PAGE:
Louisiana Record

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Jerry Baldwin will pursue new trial in racial ULL discrimination suit

By Taryn Phaneuf | Apr 14, 2016

BATON ROUGE — Following a mistrial in his discrimination suit against the University of Louisiana-Lafayette, former head football coach Jerry Baldwin has asked for another day in court.

This will be the third trial over Baldwin’s allegations that he was fired in 2001 because of his race. Baldwin was the first African American football coach at the school when he was hired in 1999. A verdict in Baldwin’s favor in a 2007 trial was tossed out two years later by an appellate court, citing jury selection, jury verdict form and expert witness issues.

In March, an East Baton Rouge Parish jury couldn't reach a verdict.

“It was disappointing,” Karl Bernard, Baldwin’s attorney, told the Louisiana Record. “I’m a strong advocate for justice and I’m a strong advocate for truth. When Coach Baldwin was terminated, you had a productive, well-respected, well-thought-of coach whose entire coaching career came to an abrupt halt.”

Bernard argues that Baldwin’s termination prevented him from getting another coaching job. Baldwin currently  is a pastor at New Living Word Ministries in Ruston and principal of New Living Word school.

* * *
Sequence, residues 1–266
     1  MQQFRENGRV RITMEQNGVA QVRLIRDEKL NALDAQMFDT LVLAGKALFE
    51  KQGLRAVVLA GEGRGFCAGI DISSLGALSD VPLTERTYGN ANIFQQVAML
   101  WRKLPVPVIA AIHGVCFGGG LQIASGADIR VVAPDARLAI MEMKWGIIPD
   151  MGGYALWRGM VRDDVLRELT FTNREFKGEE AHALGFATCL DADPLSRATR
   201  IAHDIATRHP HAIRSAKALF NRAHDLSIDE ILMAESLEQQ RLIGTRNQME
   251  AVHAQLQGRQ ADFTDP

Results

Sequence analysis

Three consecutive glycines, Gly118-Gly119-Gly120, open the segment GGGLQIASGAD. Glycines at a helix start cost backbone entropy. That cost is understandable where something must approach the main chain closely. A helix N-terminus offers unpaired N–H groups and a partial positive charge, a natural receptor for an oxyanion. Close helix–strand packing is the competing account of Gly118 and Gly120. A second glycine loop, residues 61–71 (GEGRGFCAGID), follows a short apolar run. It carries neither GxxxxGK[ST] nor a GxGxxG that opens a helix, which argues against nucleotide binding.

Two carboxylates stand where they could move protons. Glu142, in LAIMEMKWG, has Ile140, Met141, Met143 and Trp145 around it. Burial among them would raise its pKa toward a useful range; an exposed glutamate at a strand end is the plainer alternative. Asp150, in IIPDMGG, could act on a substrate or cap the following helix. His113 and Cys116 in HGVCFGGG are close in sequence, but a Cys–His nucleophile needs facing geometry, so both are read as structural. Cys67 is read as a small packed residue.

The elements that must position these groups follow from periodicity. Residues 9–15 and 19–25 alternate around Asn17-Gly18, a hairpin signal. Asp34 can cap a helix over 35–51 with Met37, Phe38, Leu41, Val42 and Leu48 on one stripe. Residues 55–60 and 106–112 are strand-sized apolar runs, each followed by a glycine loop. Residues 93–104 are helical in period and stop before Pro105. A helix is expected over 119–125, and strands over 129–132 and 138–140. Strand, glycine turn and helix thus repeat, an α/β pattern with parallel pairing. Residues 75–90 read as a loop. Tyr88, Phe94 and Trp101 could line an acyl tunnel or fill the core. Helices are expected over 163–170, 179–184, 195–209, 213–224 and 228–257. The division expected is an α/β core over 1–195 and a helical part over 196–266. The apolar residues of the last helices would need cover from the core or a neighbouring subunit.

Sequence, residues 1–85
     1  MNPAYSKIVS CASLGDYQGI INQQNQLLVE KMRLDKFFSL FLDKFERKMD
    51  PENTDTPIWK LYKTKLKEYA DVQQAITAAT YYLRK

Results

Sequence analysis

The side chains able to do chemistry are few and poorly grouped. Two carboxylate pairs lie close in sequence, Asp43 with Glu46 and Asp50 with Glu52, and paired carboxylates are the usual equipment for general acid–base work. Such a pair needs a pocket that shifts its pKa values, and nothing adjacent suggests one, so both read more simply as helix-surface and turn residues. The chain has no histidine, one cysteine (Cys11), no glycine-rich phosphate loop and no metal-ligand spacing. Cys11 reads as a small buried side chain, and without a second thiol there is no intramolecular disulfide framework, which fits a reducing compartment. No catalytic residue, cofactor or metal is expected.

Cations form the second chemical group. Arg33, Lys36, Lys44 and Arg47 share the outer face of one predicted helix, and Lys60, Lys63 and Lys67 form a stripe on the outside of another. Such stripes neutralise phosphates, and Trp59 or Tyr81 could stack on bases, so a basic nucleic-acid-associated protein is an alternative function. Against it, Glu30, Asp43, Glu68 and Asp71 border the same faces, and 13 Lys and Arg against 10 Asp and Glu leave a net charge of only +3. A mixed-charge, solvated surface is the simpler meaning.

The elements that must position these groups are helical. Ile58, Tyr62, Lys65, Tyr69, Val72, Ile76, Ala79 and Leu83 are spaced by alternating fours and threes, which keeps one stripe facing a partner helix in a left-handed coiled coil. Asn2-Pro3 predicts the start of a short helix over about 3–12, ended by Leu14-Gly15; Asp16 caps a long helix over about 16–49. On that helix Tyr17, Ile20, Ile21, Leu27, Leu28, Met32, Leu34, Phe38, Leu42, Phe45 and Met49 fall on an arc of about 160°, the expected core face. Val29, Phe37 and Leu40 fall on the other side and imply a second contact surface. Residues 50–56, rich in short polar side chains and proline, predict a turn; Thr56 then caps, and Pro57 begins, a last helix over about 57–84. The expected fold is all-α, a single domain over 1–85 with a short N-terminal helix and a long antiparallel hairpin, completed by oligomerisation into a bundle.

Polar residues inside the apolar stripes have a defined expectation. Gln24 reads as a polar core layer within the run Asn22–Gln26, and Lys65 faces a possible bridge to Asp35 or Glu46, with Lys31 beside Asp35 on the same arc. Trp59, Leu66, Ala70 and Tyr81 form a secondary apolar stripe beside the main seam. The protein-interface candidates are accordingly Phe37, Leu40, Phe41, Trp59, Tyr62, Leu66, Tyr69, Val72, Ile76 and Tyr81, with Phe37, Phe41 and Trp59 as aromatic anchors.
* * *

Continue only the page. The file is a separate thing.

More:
Attorneys for the defendant have said Baldwin was fired three years into his four-year contract because his team had a combined record of six wins and 27 losses. On top of his losing record, attendance at home games and program revenue were falling.

Bernard said Baldwin’s ULL win-loss record is only part of the truth. He said Baldwin took over an ailing program. Witnesses said expectations were low, especially the first year and especially in games the school scheduled each year because of the financial rewards against teams they never expected to beat.

“Even though he was hired to fix the problem at ULL, he was portrayed as being the problem,” Bernard said of Baldwin.

Baldwin was treated differently than the coaches that came before and after him, Bernard said. For example, his predecessor, Nelson Stokley, was counseled when administrators weren’t pleased with his performance while Baldwin had no warning that his job was in danger. Additionally, the school didn't fill a vacancy in the marketing department — a position that would have helped Baldwin turn the program around — until his successor had taken over, the attorney said. He also cited other examples of disparities in treatment.

“The only real difference between those other coaches is race,” Bernard said, adding that witnesses characterize Baldwin as honest and hardworking.

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